Since much of Corby’s business is based on brand distribution — it represents its 51% shareholder, liquor giant Pernod Ricard SA in Canada — it is bolstered by the fact that it offers a range of brands and price points. “We have something for every consumer in the country,” Constandis says. Corby owns Wiser’s whisky, Lamb’s rum and Polar Ice vodka, and distributes Pernod Ricard brands Kahlua, Chivas Regal, Beefeater and Jameson.

While these latter brands have cachet, investing in Pernod Ricard may be a more risky venture, says Nield, as the France-based company is saddled with debt from acquisitions. A more popular bet is London-based Diageo PLC, which owns brands Guinness, Bailey’s, Crown Royal and Seagram’s. Since September, Diageo’s stock has outperformed the S&P 500 composite index. In its Feb. 12 earnings report, Diageo forecast that profits would drop slightly because of the weakening economy, but says it continues to seek acquisitions in emerging markets.

Companies that supply the military are also expected to do well. The U.S. is expected to spend US$650 billion on its basic and supplemental defence budget in fiscal 2009, not including the cost of items such as veterans’ funding and nuclear research.

That means steady business for contractors such as Raytheon Co., the missile manufacturer based in Waltham, Mass., which makes air-to-air, strike, naval weapon systems, land combat missiles, guided projectiles, exoatmospheric kill vehicles and directed energy weapons; Lockheed Martin Corp., based in Bethesda, Md.; and Northrop Grumman Corp., a top U.S. military contractor and security company headquartered in Los Angeles.

Canada’s top publicly traded defence company is Montreal-based CAE Inc., which manufactures both civilian and military flight simulators and offers training to hundreds of companies around the world. CAE was recently awarded a $330-million contract by the Canadian Forces for aircrew training for Canada’s new fleet of 17 C-130J Hercules tactical airlift aircraft.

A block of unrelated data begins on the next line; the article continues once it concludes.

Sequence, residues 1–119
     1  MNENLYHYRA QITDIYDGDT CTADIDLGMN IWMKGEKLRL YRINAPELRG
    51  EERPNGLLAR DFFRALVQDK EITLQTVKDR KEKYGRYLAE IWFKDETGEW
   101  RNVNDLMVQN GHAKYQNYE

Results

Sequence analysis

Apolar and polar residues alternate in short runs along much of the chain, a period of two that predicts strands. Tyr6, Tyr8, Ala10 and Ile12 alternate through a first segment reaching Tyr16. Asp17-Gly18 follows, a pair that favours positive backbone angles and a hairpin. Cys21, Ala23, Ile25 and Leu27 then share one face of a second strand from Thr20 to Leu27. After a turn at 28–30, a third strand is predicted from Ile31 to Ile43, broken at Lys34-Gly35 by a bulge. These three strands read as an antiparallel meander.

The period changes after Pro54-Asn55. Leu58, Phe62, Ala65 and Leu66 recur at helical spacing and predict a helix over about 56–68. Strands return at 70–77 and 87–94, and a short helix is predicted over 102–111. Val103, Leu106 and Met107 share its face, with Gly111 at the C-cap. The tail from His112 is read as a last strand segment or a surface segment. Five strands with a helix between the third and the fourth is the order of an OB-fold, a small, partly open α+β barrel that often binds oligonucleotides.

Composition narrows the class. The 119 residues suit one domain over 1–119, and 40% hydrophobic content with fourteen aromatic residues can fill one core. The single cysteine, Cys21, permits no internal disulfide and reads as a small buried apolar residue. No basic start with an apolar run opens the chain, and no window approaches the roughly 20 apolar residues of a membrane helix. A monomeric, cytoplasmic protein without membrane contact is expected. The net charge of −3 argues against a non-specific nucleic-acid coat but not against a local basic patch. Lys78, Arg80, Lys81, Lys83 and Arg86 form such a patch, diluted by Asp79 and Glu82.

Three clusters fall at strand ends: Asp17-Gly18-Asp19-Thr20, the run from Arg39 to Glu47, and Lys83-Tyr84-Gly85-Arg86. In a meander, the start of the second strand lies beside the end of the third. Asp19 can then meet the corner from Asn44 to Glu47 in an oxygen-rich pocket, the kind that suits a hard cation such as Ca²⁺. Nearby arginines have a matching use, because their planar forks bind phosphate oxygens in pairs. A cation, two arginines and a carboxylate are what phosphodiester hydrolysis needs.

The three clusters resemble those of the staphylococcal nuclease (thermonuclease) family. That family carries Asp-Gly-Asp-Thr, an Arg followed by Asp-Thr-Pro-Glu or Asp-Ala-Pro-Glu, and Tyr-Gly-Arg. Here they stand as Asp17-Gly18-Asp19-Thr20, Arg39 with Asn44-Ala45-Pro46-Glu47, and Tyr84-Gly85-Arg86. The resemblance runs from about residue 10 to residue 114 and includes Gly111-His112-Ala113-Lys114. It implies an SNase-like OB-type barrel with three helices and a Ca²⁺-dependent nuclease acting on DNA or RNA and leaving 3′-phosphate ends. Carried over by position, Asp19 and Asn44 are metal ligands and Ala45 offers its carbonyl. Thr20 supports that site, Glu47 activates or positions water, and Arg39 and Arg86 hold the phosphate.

CAE reported net income of $148.1 million in the nine months ended Sept. 30, 2008, vs $117.1 million in the same period a year earlier. The results were better than expected, but the company warns that the economy will probably dampen future performance as a slowdown in global growth has hurt the civilian aviation industry.

“The year ahead will be more difficult for civil aviation,” says CAE CEO Robert Brown. “Our outlook for CAE’s role in the defence markets continues to be positive. Overall, we believe that our actions and our diversification will help us as we go through the next period.”

Despite the possible challenges, David Tyerman, an analyst with Toronto-based Scotia Capital Inc. , calls the company’s share price attractive. The company has “robust” and “strong” military prospects, he says, which should partially offset any drop in civilian business.

Investors who cringe at sin should take a close look at their portfolios. Sin stocks can be found in the majority of index funds, which, by their very nature, don’t screen stocks, as well as in actively managed funds run by mainstream companies such as Toronto’s CI Investments Inc., Invesco Trimark and AGF Funds Ltd.

And even if you hold only so-called “ethical” funds, you still have a stake in sin if you plan to draw on the Canada Pension Plan. The CPP Investment Board, which had assets under management of $117.4 billion as of Nov. 12, 2008, has a wide range of holdings in tobacco, booze and defence companies. Many other public and private pensions hold these stocks, too. For instance, Quebecers own Japan Tobacco through the Caisse de dépôt et placement de Québec.

The CPPIB holdings don’t bother Michael Jantzi, president of Toronto-based Jantzi Research Inc. , which analyzes companies for their behaviour on environmental, social and governance fronts. First, Jantzi says, alcohol isn’t a red flag for most of his firm’s clients, who don’t view it the way they view tobacco sales. The CPPIB has recently taken an interest in company performance on carbon emissions and climate change, which, to Jantzi, is the most pressing issue of concern to future generations. Also, Jantzi says, the CPPIB has a fiduciary duty to obtain the best return on investment it can. In other words, it is obliged by law to look at investment returns before ethics.

For the client who likewise puts a priority on strong returns but, unlike the CPPIB or big mutual funds, may have trouble analyzing the financial statements of high-tech companies with complex wireless devices, the business of spirits and smokes is easy to understand, says Eric Lansky, president of Dallas-based USA Mutuals.

“Sin stocks,” says Lansky, “may be for that investor who visits a local pub and notices it is busier now, more then ever before, and wants to invest with that knowledge.” IE